Prospect of budget cuts dominates lawmakers' year
Thursday, January 7, 2010
With massive budget cuts on the radar, Prince George's County and state lawmakers said they expect intense fighting in 2010 just to retain current funding levels -- and with elections toward the end of the year, getting officials to take on controversial legislation might become even more challenging.
"Unfortunately, this means that not a whole lot gets done" in the legislative session that begins Jan. 13, said Del. Justin Ross. The Greenbelt Democrat said many incumbents will be playing a "preventive defense" instead of making tough decisions.
Since the start of the economic downturn in 2007, tax revenue has been sinking and county and state cuts have been the norm, causing employee furloughs and spending reductions. In the past year, the county laid off about 50 employees and the state laid off 200.
The cuts on the table for the coming year might be even worse. Maryland lawmakers must eliminate a $1.5 billion to $2 billion budget deficit before the General Assembly ends in April, according to state projections.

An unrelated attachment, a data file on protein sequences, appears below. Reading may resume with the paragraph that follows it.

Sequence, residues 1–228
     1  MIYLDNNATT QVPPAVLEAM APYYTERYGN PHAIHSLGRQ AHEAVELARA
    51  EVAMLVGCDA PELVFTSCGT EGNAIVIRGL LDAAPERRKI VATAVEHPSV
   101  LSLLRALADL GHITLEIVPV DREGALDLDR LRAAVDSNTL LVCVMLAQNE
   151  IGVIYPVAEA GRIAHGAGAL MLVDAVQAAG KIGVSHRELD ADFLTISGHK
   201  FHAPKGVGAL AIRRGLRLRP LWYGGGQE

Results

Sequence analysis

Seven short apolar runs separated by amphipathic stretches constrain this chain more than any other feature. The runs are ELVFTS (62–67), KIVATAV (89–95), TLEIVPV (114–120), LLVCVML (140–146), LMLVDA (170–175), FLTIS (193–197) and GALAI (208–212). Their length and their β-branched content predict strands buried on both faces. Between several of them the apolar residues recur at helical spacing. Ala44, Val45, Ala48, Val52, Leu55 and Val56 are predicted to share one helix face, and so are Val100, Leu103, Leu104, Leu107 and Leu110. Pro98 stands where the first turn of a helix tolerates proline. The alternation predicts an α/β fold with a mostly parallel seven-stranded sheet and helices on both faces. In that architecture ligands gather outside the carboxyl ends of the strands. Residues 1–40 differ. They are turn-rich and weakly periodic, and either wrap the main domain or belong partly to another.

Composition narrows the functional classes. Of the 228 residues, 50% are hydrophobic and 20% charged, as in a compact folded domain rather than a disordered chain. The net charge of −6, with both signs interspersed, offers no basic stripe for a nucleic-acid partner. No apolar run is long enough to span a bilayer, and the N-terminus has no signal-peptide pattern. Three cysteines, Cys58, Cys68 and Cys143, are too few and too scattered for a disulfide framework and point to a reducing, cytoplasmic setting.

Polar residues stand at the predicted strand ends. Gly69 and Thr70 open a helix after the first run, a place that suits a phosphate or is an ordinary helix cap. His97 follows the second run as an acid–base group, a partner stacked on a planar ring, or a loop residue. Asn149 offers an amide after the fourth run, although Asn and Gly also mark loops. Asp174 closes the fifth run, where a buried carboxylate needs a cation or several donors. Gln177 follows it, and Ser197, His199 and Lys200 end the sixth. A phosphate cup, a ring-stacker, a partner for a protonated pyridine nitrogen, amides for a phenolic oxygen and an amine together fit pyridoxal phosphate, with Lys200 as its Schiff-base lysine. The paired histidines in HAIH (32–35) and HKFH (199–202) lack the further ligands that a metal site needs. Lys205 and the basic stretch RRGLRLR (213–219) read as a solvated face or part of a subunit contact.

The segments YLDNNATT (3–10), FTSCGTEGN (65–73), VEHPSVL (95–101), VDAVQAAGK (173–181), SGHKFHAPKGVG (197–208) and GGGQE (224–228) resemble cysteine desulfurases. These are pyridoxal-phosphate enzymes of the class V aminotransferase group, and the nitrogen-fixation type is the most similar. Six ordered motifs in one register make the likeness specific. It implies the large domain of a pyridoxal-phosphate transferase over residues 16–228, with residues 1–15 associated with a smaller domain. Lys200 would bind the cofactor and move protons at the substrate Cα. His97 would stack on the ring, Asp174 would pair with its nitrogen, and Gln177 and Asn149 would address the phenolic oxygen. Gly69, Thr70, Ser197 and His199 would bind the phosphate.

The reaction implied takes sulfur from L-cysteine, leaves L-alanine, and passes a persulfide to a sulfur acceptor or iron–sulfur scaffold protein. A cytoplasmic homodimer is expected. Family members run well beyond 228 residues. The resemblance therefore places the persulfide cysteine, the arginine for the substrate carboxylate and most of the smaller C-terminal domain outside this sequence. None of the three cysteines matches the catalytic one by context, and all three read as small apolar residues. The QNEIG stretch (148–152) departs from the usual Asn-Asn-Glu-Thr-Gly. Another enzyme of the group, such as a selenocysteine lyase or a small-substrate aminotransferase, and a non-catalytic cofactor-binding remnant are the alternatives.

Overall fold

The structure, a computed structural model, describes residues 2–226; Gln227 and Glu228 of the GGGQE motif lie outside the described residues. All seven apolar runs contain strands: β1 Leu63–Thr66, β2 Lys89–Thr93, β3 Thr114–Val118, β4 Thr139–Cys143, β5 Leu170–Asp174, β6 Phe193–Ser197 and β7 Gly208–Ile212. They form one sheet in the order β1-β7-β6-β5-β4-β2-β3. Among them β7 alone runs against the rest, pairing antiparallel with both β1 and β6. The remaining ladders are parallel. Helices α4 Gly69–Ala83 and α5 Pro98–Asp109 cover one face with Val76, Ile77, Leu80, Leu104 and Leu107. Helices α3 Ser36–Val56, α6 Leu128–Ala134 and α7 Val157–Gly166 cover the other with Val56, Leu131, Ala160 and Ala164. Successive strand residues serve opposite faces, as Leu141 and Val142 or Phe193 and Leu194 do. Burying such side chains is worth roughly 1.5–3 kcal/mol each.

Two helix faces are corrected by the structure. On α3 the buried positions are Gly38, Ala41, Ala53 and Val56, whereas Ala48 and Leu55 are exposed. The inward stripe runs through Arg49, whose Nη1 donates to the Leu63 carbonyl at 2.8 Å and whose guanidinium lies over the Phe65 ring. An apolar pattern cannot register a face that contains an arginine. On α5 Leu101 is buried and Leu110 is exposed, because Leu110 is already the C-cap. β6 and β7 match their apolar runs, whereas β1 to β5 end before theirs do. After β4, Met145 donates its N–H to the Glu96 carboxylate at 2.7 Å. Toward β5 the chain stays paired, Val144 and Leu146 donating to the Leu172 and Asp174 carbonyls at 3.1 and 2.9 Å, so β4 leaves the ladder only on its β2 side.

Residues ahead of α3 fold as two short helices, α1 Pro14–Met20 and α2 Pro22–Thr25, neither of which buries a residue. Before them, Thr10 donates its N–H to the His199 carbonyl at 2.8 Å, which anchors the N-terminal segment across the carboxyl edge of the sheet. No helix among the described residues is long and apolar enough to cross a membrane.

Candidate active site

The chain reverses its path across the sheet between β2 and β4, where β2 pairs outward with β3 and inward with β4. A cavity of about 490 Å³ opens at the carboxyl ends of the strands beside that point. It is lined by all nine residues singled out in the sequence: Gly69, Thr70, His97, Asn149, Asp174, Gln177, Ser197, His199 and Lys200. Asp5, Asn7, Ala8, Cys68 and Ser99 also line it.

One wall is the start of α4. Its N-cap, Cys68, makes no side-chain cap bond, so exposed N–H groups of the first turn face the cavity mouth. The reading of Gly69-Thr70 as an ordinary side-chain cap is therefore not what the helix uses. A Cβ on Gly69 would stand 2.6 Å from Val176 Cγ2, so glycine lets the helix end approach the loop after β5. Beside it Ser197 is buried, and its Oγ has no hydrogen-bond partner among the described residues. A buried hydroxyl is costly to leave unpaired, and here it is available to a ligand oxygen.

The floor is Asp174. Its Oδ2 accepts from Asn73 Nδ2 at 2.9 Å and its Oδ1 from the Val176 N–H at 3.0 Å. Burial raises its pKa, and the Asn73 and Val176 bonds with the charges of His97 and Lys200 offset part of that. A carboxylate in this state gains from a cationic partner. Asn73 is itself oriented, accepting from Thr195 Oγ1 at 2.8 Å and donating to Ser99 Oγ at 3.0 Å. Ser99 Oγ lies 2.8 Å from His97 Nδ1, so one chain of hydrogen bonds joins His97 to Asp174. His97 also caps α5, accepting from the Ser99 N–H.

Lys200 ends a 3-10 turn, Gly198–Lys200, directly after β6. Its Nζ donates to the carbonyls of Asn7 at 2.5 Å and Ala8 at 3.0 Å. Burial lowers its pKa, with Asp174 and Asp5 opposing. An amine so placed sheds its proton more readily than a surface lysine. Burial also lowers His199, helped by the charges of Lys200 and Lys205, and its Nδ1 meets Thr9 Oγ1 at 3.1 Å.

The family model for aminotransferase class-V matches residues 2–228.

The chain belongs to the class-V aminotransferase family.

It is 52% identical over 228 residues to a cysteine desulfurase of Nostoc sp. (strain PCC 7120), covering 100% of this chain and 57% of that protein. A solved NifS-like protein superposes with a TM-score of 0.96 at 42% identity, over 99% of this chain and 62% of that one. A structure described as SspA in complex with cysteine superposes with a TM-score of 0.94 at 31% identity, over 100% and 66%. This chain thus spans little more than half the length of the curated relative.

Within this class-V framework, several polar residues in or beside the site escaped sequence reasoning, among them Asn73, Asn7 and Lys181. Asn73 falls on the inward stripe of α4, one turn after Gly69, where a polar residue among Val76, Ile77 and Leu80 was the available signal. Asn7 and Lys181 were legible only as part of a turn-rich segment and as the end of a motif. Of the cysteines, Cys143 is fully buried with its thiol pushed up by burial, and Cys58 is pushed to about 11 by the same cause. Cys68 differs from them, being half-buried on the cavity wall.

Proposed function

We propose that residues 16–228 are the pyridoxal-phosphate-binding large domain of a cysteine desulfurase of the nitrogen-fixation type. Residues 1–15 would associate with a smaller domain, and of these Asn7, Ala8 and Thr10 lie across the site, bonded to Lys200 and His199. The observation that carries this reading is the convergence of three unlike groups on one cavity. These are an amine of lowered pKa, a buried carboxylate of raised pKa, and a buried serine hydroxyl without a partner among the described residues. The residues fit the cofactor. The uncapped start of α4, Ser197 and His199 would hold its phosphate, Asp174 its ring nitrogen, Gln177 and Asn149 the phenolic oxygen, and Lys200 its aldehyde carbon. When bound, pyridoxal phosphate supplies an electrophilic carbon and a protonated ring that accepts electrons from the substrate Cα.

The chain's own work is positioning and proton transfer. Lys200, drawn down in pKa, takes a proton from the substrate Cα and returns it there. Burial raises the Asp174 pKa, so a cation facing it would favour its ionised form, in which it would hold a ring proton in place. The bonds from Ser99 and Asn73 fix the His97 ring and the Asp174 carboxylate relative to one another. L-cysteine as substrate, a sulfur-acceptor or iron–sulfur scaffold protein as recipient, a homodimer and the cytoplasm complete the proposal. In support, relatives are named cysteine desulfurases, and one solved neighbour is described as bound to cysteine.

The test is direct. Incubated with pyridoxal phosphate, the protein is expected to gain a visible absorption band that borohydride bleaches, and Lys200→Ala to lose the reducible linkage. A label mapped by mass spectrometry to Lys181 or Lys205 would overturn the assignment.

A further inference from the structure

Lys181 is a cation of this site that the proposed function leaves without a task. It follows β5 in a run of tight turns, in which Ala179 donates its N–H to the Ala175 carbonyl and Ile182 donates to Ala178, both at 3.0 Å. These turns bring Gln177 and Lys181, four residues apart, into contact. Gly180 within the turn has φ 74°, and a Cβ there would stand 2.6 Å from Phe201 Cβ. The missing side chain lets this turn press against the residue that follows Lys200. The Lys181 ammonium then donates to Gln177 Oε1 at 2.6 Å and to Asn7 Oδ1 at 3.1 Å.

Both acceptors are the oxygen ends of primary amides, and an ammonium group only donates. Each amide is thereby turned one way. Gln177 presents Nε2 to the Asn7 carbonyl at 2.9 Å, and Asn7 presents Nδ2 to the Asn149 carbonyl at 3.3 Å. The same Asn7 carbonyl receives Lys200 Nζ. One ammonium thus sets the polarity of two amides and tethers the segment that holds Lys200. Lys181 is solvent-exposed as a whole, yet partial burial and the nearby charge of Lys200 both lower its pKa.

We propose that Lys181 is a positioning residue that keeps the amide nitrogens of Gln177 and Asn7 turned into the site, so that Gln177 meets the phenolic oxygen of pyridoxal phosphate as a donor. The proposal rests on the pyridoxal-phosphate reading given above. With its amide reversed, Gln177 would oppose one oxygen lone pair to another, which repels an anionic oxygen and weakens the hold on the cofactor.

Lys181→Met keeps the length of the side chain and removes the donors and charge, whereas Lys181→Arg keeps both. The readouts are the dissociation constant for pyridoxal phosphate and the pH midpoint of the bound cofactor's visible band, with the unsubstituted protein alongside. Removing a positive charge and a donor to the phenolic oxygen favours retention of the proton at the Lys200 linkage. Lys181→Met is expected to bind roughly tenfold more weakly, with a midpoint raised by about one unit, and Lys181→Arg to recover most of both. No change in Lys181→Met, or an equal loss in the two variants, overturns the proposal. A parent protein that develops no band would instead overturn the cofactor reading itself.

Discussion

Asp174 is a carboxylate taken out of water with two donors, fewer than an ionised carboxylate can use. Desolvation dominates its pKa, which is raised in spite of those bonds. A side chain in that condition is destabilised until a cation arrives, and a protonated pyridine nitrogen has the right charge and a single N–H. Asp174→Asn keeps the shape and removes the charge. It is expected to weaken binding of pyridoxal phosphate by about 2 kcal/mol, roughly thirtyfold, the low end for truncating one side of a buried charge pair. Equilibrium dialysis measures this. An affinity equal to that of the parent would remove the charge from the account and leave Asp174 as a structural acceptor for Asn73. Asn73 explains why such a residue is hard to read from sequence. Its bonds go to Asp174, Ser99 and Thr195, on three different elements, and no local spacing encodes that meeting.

A federal stimulus package helped stop some of the bleeding last year, but no similar measure is in the pipeline.
Prince George's lawmakers are concerned that state cuts in aid could intensify the county's financial woes before they must pass a budget in mid-June. A state cut of about $26 million in August sparked County Executive Jack B. Johnson (D) to lay off employees to balance costs, and officials have repeatedly said they worry about a repeat in the General Assembly.
"If you look at the cuts we've had to make already, they speak for themselves," said John Erzen, spokesman for the executive. "It's not unreasonable to think that [the fiscal year that starts in July] could look worse."
County officials have not provided exact figures on the outlook for next year's spending plan. This year's was $2.6 billion.
"It looks bad, very bad," Johnson said of the budget forecast in an interview in November.
That kind of pressure creates struggles in the legislature, especially in an election year, Ross said.
"It's not just the only thing. It's everything," he said.
Del. Melony G. Griffith (D), head of the Prince George's delegation, agreed.